Victoria council voted unanimously to move the large, tulip-themed art installation from Bastion Square to the Triangle Island at the intersection of Johnson Street, Pandora Avenue and Wharf Street.
City staff recommended the move as an alternative option to the contentious orca-surfboard art installation designed by former artist in residence Luke Ramsey and former Indigenous artist in residence Lindsay Delaronde. The orca project was initially proposed in 2017, but received public feedback for its price tag. Staff reported several third-party assessments pegged the price well above the $250,000 budget.
Alternatively, the Canoe Commerce piece in Bastion Square, designed by artist Illarion Gallant, will be moved to Triangle Island using funds from the Bastion Square Revitalization Association. The piece will then be replaced by a welcoming totem pole designed by Tsawout artist Tom Lafortune.
The 30-foot pole will feature several figures, including an elder designed to welcome visitors to the city. Songhees elders approved the installation of the pole, with the caveat that it must be near the water.
The cost of this with will be paid for by funds from Bastion Square market fees.
Councillors also voted to use the allotted $250,000 from the orca project to be put forward in a public competition for art that would use some of the remaining steel from the old Johnson Street Bridge. Up to $30,000 would be earmarked for the liability matters surrounding the steel, which is still caked with lead-infused paint.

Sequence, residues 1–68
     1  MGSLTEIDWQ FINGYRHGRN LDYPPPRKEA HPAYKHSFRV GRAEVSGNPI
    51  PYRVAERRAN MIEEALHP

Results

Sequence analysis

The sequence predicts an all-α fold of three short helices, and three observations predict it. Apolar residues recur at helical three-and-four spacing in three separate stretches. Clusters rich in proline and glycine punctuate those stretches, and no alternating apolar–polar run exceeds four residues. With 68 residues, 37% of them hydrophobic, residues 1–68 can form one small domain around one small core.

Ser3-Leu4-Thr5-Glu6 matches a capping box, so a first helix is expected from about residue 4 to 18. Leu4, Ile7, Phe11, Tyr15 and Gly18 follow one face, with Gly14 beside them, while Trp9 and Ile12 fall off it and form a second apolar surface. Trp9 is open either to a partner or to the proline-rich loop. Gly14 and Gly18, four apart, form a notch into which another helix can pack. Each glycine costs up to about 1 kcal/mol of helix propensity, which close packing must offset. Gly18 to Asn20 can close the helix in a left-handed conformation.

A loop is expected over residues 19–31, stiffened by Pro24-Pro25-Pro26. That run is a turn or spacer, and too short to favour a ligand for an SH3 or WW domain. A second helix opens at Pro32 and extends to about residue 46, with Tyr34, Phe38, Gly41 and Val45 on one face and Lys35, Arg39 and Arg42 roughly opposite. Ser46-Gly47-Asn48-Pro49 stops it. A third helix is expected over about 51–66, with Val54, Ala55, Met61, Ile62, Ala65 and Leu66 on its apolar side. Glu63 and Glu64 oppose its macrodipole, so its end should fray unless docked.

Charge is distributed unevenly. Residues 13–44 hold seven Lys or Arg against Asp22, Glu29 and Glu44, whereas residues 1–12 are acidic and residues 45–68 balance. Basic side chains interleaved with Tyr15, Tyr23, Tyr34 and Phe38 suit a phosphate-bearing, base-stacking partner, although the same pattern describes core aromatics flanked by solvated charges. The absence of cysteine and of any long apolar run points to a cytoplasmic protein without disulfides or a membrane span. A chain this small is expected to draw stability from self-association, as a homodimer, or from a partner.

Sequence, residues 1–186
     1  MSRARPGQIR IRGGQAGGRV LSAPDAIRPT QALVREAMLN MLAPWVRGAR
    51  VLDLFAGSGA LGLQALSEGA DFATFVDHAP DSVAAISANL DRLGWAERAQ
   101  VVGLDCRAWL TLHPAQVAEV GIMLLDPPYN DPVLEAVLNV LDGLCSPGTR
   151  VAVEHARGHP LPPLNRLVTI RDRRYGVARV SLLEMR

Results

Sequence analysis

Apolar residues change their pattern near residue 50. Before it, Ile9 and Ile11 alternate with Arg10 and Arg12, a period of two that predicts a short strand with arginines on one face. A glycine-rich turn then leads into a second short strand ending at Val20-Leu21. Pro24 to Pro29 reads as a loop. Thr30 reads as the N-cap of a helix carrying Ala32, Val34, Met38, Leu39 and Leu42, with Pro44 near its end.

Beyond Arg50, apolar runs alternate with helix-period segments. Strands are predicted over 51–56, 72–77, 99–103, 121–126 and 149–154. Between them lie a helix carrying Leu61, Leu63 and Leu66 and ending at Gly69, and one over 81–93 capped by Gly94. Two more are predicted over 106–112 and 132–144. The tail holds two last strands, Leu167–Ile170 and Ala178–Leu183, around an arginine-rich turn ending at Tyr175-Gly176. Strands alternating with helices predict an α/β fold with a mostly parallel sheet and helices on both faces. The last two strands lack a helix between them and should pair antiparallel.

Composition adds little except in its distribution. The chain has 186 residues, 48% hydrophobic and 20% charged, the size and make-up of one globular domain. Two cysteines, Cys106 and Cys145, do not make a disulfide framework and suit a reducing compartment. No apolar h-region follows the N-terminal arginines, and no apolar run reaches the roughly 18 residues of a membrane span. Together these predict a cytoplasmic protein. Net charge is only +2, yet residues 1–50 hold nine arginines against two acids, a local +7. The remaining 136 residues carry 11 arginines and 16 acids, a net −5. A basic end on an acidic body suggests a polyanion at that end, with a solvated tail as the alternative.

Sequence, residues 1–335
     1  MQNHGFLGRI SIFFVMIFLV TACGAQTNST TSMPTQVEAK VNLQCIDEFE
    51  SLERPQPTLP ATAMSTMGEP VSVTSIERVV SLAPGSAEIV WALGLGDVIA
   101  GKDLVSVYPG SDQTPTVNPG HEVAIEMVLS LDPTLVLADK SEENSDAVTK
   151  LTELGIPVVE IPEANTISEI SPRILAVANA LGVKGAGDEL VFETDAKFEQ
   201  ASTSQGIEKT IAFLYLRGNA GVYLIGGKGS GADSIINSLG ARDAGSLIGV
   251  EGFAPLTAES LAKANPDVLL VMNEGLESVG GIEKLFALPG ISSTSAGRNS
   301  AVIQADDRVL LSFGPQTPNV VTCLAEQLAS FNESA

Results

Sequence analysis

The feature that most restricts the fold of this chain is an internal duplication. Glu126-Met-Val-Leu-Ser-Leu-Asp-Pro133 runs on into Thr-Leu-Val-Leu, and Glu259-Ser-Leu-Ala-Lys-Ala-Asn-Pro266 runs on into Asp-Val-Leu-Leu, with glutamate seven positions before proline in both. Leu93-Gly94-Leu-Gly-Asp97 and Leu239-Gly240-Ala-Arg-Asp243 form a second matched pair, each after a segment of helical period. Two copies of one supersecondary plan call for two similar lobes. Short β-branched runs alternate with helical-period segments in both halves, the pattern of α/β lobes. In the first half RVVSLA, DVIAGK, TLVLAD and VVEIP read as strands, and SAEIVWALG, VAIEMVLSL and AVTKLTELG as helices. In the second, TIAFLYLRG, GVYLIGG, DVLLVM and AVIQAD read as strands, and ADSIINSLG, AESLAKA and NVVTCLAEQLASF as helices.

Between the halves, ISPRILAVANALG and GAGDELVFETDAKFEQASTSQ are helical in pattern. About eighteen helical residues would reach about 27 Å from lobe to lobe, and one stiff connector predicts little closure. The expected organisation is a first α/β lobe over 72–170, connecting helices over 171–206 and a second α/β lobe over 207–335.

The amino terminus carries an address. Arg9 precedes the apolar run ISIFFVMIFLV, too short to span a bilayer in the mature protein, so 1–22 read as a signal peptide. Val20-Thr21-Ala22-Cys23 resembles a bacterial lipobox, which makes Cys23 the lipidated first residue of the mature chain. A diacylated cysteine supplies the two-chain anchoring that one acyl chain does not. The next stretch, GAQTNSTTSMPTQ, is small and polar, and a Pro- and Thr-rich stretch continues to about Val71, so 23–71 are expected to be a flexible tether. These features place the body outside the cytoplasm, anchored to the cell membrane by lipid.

Councillors were in favour of all of these suggestions.
“I think this is excellent work that will revitalize at least three or more public spaces,” said Coun. Jeremy Loveday.
Victoria Mayor Lisa Helps touted the report as “great , creative problem solving,” that was fiscally responsible.
Coun. Ben Isitt was happy to see the Commerce Canoe project moved, calling it out of scale and “jarring” in its present location.
Dates have not been set for when the move will take place.
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